25. Four months ago, the South African company, Sekunjalo, won a case in the Equality Court of South Africa to reopen all its accounts after Nedbank closed them due to managing reputational risk. Sekunjalo was negatively implicated for financial impropriety in the Mpathi Commission Inquiry.
26. These legal precedents have serious implications for our legal fight against the arbitrary enforcement of sanctions and AMLCT restrictions. This applies not only to South African banks but also those in Zimbabwe and internationally.
27. Once we receive a positive ruling in our case, we hope that our government and partners will take this ruling, the final report of the Special Rapporteur which is coming out in September 2022, the CBZ case, and the ruling by the South African Equality Court in Sekunjalo vs Nedbank on international roadshows. These roadshows would show global investors, particularly those from the United States, that they have been unfairly kept out of the Zimbabwean economy due to illegal sanctions and coercion by the United States government. It has been proven to be illegal by case law.
28. This would then put American companies, global companies, and investors at the forefront of challenging their illegal exclusion from potential opportunities in not only Zimbabwe but any other country under illegal United States sanctions.
29. There is a powerful political thrust to our case.
30. With the Special Rapporteur confirming that unilateral sanctions are illegal and that the persecution of civilians is also illegal, it is crucial for Zimbabweans to impress upon the West that political parties that called for the West to impose illegal sanctions to force "democratic change" or regime change upon Zimbabweans, in pursuit of ZDERA objectives, persecuted civilians through deprivation and collective punishment by sanctions. This was done to force civilians to vote for them into parliament.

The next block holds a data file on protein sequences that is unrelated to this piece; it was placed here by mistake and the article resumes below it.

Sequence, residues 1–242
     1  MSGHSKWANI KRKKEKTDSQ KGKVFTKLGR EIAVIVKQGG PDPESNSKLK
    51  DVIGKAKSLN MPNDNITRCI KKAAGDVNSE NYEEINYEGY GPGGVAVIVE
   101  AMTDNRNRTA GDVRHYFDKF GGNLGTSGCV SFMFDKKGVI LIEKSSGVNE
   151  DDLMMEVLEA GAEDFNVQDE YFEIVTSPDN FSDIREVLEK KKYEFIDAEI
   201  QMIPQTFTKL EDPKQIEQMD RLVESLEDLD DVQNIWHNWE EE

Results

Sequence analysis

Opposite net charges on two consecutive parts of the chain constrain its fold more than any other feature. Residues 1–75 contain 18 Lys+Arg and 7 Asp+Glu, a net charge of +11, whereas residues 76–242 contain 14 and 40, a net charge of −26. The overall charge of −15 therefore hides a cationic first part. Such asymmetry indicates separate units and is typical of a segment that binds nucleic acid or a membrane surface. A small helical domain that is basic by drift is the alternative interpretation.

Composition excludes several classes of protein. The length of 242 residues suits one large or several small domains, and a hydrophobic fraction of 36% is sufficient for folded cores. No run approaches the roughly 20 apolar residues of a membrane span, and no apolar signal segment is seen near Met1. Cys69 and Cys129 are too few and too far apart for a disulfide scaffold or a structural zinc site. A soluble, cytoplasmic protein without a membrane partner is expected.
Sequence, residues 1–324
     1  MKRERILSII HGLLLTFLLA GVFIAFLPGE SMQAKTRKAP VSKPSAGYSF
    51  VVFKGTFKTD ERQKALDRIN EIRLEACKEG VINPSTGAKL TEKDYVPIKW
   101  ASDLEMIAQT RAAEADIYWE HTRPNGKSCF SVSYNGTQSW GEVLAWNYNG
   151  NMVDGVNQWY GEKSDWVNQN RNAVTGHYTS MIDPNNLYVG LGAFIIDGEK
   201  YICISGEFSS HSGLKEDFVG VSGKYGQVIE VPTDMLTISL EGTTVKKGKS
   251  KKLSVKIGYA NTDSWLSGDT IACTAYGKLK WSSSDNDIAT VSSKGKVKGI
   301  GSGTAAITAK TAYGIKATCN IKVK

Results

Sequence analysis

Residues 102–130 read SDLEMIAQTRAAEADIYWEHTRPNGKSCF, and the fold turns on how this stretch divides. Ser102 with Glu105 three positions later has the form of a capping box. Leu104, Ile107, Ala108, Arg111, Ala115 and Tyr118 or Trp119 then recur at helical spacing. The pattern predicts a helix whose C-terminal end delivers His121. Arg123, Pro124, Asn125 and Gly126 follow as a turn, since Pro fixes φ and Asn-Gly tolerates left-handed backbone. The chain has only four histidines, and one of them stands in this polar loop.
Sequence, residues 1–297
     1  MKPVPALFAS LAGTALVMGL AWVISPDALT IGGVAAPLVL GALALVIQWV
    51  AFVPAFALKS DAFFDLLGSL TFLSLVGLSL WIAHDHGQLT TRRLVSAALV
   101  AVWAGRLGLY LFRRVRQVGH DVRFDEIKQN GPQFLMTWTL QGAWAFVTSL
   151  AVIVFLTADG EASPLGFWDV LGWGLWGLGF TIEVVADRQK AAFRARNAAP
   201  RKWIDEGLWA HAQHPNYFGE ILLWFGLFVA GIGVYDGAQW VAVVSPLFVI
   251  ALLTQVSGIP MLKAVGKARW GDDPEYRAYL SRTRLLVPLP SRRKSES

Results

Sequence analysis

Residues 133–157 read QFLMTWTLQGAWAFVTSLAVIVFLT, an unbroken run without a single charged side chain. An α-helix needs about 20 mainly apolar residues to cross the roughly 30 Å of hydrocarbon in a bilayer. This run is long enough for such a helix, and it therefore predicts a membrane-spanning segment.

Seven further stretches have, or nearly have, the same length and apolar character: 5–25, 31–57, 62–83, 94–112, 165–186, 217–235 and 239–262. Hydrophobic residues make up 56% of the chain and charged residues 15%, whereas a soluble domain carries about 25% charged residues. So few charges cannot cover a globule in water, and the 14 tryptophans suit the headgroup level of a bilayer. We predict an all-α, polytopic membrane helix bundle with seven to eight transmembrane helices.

31. By deduction, these members of parliament used the collective punishment of sanctions to force people to vote for them into parliament, thereby perpetuating crimes against humanity by persecution upon Zimbabwean civilians, in contravention of human rights law.
32. Therefore, their presence in our parliament is premised on gross violations of civilian rights and the perpetuation of an international crime that should be tried by a tribunal constituted by the United Nations or African Union.
33. If the United Nations decides to institute such a tribunal, then such a trial is the basis upon which to call for the suspension of these politicians, or this political party from the election ballot until the members are cleared of wrongdoing.
34. In South Africa, a political party that goes by the name of Black Land First was denied participation in the 2019 elections because it was deemed to be discriminating against white people from joining the party. As a parallel, the Zimbabwean government must also utilize its own constitution to discourage the use of voter coercion by illegal persecution for political advancement.
35. The Zimbabwean government must use its own constitution to discourage the use of voter coercion and illegal persecution for political gain. The use of economic sanctions to deprive civilians of necessities is a war crime under the Geneva Convention and a crime against humanity in peacetime.
36. There is evidence that opposition party members who participated in writing the constitution used crimes against humanity to coerce citizens to vote for them, and the constitution was written to please the sanctions senders. ZANU PF members of parliament were also under duress to please the sanctions senders in the hopes of removing sanctions. Therefore, the constitution may have been created to suit sanctions senders under duress, not to suit the will of the Zimbabwean people. Zimbabweans can request the voiding of the constitution based on this argument.
37. This position implies that white farmer compensation may be voidable if the West refuses to remove illegal sanctions and pay reparations in line with UNHRC RES 34/13 for deaths and economic losses caused by their persecution of civilians. ZASM's case is solid but requires relevant stakeholders to play their roles to achieve the desired outcome.
By Rutendo Matinyarare
Chairman of ZASM